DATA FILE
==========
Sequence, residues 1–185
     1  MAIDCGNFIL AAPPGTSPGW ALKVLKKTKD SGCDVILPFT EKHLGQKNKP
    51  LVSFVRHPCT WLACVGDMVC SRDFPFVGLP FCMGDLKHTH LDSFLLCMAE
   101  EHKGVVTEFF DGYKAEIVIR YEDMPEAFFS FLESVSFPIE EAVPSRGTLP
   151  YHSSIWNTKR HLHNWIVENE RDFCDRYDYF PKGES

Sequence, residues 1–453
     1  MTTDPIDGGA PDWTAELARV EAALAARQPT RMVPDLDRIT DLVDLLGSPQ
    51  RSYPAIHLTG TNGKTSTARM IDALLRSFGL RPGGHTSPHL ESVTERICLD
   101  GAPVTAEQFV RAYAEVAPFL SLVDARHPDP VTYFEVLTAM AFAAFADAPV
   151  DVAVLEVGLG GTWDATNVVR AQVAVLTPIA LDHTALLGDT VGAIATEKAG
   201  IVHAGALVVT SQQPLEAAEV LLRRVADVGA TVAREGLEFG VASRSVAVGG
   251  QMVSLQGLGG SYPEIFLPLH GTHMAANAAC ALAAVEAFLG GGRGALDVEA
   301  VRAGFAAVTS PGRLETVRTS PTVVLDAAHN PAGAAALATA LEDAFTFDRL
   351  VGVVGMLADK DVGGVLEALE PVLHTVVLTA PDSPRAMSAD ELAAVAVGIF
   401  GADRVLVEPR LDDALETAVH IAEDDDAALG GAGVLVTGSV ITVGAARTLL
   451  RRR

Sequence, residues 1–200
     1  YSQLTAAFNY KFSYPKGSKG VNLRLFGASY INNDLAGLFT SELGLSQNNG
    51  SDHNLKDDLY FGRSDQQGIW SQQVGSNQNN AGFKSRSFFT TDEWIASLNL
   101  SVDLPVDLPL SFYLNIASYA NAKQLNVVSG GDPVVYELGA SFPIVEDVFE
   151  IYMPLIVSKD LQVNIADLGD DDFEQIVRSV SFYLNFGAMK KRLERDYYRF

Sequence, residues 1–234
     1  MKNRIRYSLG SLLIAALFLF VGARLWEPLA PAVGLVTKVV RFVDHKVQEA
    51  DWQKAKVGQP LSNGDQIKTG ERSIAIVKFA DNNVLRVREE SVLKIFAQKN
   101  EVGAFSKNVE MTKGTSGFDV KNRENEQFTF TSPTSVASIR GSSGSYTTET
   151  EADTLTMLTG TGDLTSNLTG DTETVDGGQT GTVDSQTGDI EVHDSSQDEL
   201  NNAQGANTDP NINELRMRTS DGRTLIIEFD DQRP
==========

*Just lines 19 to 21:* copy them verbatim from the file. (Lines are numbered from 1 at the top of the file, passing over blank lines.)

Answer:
    51  SDHNLKDDLY FGRSDQQGIW SQQVGSNQNN AGFKSRSFFT TDEWIASLNL
   101  SVDLPVDLPL SFYLNIASYA NAKQLNVVSG GDPVVYELGA SFPIVEDVFE
   151  IYMPLIVSKD LQVNIADLGD DDFEQIVRSV SFYLNFGAMK KRLERDYYRF